BitMex co-founders plead guilty to violating US bank secrecy law

Key ideas:

  • BitMEX co-founders Delo and Hayes plead guilty to breaking bank secrecy law
  • In 2021, crypto derivatives trading platform BitMEX paid a $100 million fine for violating US laws
  • Increased regulatory scrutiny will likely lead to steeper fines on the horizon

Co-founders Arthur Hayes, Ben Delo and Samuel Reed created BitMEX, a P2P crypto trading platform in 2014. The platform supports crypto derivatives trading, including futures and trading on margin.

BitMEX co-founders plead guilty

Overnight, the US Department of Justice announced that BitMEX co-founders Delo and Hayes had pleaded guilty to violating US bank secrecy law. “Hayes and Delo each agreed to pay a criminal penalty of $10 million representing pecuniary gain from the violation.”

In 2020, co-founders Hayes, Delo and Reed were accused of operating an unregistered trading platform. The Commodities Futures Trading Commission (CFTC) accused Hayes, Delo and Reed of violating CFTC rules which included anti-money laundering and KYC regulations.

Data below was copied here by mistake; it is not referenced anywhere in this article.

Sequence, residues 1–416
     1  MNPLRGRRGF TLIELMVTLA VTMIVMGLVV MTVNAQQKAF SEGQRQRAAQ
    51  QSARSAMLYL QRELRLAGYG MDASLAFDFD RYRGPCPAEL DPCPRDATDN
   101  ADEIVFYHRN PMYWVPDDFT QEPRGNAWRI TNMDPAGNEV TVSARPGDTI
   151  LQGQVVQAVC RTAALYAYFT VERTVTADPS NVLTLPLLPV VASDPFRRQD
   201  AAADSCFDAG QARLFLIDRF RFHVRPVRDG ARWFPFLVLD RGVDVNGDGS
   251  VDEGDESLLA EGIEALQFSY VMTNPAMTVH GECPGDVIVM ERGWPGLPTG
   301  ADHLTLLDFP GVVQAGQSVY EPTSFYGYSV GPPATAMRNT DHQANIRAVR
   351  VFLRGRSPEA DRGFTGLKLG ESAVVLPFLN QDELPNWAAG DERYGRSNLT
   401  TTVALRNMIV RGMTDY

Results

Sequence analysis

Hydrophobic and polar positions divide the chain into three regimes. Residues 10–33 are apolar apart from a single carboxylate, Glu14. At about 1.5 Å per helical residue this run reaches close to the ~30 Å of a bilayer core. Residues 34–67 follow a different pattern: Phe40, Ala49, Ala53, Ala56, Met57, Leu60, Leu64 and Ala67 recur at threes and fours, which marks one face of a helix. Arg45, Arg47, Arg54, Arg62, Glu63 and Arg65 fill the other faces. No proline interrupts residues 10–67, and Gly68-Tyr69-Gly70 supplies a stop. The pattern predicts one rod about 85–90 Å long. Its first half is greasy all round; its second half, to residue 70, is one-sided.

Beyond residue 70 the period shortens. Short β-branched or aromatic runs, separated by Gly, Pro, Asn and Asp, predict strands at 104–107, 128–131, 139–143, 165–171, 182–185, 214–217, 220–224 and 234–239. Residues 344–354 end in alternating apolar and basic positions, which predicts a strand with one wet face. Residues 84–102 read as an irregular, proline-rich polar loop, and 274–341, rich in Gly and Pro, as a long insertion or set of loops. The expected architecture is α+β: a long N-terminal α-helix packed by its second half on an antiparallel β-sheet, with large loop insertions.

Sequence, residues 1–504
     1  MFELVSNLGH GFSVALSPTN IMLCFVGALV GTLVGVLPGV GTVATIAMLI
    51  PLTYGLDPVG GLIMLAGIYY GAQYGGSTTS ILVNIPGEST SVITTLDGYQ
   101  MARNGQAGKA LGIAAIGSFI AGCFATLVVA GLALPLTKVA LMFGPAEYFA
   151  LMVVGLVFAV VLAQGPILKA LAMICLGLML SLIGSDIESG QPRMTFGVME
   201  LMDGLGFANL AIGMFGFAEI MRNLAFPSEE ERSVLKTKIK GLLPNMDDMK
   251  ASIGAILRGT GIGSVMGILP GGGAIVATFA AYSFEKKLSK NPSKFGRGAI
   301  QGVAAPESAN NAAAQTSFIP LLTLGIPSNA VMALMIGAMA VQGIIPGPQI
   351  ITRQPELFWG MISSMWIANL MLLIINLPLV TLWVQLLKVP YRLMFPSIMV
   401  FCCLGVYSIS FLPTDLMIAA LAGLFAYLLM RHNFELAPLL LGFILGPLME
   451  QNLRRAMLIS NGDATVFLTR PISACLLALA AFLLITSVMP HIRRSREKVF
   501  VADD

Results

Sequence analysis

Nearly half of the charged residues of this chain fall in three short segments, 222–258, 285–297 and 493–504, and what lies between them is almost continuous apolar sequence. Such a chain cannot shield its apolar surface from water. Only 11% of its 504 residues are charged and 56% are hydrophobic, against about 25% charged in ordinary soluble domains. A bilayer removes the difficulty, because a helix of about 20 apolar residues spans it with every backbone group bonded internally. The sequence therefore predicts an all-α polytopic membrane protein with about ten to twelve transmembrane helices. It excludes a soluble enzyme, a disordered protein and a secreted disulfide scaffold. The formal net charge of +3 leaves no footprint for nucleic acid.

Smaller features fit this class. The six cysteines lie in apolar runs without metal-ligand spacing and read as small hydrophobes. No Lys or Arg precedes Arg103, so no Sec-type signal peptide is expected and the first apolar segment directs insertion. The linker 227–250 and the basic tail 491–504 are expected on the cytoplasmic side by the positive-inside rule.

For evading anti-money laundering requirements, co-founders Hayes, Delo and Reed, as well as Greg Dwyer (head of business development), were also charged with breaching bank secrecy law.

BitMEX pays $100 million fine

In August 2021, US federal courts issued a consent order against 5 companies charged with operating the BitMEX crypto derivatives trading platform.

The order required the five entities to pay a $100 million fine in addition to barring BitMEX from further violations of the Commodities Exchange Act (CEA) and CFTC regulations.

According to the order, BitMex operated as a joint venture from at least November 2014 until October 2020. The platform would have offered leveraged crypto derivatives trading to retail and institutional clients. BitMEX was aware of US customer access to the platform.

In the United States, BitMEX violated CEA rules by allowing swaps to be traded or processed without approval as a Designated Contract Market (DCM) or Swap Execution Facility (SEF).

Regulatory review keeps focus on trading

Since late last year, regulators have increased scrutiny of the crypto market. This month, BlockFi paid a $100 million penalty as part of an SEC settlement. In November 2021, the SEC alleged that BlockFi’s high yield accounts were unregistered securities.

While the BlockFi case was concluded quickly, the SEC case against Ripple Lab (XRP) has been ongoing since late 2020.

Other exchanges that have recently undergone US regulatory scrutiny include Coinbase (COIN) and Binance (BNB).